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Time to tax Carbon?

Malcolm Chilton

David Cameron has pledged to make his government the greenest ever.  Yet to do so will require significant changes in perception and behaviour, not least within the energy and waste sectors.  The introduction of a carbon tax could be the driver that helps the government to meet the targets that lie behind this aspiration, providing the necessary incentives to encourage the development of the UK’s renewable and low carbon energy infrastructure.  Using a similar model to landfill tax, and with a graduated introduction, the tax could also generate potential revenue of up to £4 billion in its first year.

The coalition government pledges that the UK will be at the forefront of pushing the EU to adopt more ambitious carbon reduction targets.  Domestically, the government is aiming to increase the already ambitious UK target to achieve 30% of electricity generation from renewable sources by 2020.  To achieve this, it promises to retain the Renewables Obligation and to introduce a feed-in tariff system to support micro-generation.

In 2009 the UK generated just over 6% of its electricity demand from renewables, up from around 2.5% when the Renewables Obligation was introduced in 2002.  The government’s aspiration will require a six-fold increase in just 10 years.  As a result I believe that it is unlikely that the continuation of the Renewables Obligation and encouragement of micro-generation alone will achieve that step change required.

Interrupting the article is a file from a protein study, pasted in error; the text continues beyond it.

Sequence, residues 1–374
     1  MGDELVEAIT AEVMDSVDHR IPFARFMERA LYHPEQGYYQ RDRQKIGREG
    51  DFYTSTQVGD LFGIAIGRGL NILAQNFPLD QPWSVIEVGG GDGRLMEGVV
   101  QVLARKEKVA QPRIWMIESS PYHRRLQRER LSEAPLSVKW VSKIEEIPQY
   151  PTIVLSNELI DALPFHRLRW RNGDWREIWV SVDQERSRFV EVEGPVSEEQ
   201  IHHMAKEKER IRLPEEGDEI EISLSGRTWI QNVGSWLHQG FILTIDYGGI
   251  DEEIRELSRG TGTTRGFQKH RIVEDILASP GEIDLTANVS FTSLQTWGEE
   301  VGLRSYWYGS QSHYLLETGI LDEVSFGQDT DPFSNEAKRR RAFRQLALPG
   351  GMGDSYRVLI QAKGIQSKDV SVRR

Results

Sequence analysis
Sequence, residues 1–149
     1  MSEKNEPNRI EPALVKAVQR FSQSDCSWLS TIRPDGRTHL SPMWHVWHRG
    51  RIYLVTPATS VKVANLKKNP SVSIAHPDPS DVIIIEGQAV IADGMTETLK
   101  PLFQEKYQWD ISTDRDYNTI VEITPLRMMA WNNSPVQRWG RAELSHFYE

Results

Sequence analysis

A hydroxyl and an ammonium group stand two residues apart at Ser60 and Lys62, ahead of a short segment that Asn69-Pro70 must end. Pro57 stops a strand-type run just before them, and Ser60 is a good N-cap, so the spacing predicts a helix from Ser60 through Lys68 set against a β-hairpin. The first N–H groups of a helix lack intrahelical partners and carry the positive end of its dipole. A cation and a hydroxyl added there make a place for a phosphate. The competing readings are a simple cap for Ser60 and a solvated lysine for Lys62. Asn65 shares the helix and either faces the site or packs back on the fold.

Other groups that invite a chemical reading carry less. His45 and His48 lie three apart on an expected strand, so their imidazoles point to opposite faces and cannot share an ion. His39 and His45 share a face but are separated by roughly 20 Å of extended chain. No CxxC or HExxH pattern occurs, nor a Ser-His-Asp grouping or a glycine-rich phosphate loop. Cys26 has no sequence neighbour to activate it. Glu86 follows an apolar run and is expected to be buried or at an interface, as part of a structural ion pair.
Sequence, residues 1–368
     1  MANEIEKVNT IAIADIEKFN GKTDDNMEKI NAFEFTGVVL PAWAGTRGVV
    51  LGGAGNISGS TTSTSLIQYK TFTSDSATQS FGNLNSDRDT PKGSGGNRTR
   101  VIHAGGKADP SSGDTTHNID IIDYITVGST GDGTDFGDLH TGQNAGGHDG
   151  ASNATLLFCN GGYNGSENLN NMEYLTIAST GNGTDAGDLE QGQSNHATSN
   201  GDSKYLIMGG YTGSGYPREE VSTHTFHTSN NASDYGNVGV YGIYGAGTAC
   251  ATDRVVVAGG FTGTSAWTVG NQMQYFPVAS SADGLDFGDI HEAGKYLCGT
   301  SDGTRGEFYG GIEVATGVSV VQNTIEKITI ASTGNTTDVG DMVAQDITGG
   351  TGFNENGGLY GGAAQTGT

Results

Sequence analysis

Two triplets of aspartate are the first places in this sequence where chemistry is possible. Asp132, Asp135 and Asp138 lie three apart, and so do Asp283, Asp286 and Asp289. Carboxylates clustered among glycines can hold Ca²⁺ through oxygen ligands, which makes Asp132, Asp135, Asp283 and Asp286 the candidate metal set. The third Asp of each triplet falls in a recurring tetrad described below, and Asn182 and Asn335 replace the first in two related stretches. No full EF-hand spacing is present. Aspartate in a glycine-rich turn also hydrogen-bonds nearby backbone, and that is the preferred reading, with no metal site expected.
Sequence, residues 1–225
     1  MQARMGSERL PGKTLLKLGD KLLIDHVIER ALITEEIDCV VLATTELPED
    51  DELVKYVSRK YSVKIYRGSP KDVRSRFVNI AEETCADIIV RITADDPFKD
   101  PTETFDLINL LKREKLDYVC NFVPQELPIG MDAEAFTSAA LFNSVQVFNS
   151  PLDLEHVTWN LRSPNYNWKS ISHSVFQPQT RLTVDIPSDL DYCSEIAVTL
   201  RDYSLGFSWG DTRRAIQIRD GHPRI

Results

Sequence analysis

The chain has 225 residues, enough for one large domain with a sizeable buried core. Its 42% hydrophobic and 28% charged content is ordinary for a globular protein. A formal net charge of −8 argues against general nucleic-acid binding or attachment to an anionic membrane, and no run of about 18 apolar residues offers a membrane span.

Funding the transformation required will not be easy in the current economic climate.  However, the waste sector already has a good example of how fiscal measures can facilitate change in the form of landfill tax.  There is good reason to follow this model to bring about change.  Tacitly it seems that the government has acknowledged that something akin to a carbon tax is sensible.  The coalition agreement pledges that the government will put a floor under the price of carbon, which is an effective proxy for a carbon tax.  However, putting a floor of approximately £15 per tonne of carbon under the current price won’t be enough to change behaviour.

If a carbon tax was set at a level where each tonne of carbon would attract a charge equivalent to the value of a Renewables Obligation Certificate, which is a reasonable comparator of the desirable and undesirable, then it would come in at £150 per tonne.

Clearly introducing that overnight would be too great a shock to the economy. So, the answer may be to look to the landfill tax model, setting the tax at a low level initially and using an escalator mechanism to ratchet it up over time to a point where it really bites on behaviour. I believe that a carbon tax set at around £75 per tonne, and phased in over, say, ten years would underpin a certain transition to a low-carbon economy.  Initially set at a level of £17 per tonne and with an annual escalator of half that amount to reach the £75 per tonne target, the tax could raise £4 billion in its first year alone.

The other benefit of such a graduated approach is that it sends signals of intent to the market while allowing time for businesses and others to invest to make the required transition, in this case to low carbon operations.

Malcolm Chilton is UK managing director of Covanta Energy

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